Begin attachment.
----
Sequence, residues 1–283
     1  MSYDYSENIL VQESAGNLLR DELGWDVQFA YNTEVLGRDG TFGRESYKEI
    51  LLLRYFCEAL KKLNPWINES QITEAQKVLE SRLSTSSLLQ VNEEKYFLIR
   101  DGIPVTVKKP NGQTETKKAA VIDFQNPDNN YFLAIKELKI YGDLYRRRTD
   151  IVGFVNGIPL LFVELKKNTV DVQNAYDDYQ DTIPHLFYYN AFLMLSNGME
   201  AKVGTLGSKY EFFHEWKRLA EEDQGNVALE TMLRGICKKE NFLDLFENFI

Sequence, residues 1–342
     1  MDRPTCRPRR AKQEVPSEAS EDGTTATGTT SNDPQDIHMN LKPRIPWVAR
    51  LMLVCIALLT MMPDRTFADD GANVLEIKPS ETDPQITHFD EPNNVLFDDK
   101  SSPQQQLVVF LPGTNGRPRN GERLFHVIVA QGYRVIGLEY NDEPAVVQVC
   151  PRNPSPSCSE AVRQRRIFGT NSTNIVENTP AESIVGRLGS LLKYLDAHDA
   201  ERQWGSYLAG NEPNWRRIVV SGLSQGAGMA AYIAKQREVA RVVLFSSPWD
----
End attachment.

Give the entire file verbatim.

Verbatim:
Sequence, residues 1–283
     1  MSYDYSENIL VQESAGNLLR DELGWDVQFA YNTEVLGRDG TFGRESYKEI
    51  LLLRYFCEAL KKLNPWINES QITEAQKVLE SRLSTSSLLQ VNEEKYFLIR
   101  DGIPVTVKKP NGQTETKKAA VIDFQNPDNN YFLAIKELKI YGDLYRRRTD
   151  IVGFVNGIPL LFVELKKNTV DVQNAYDDYQ DTIPHLFYYN AFLMLSNGME
   201  AKVGTLGSKY EFFHEWKRLA EEDQGNVALE TMLRGICKKE NFLDLFENFI

Sequence, residues 1–342
     1  MDRPTCRPRR AKQEVPSEAS EDGTTATGTT SNDPQDIHMN LKPRIPWVAR
    51  LMLVCIALLT MMPDRTFADD GANVLEIKPS ETDPQITHFD EPNNVLFDDK
   101  SSPQQQLVVF LPGTNGRPRN GERLFHVIVA QGYRVIGLEY NDEPAVVQVC
   151  PRNPSPSCSE AVRQRRIFGT NSTNIVENTP AESIVGRLGS LLKYLDAHDA
   201  ERQWGSYLAG NEPNWRRIVV SGLSQGAGMA AYIAKQREVA RVVLFSSPWD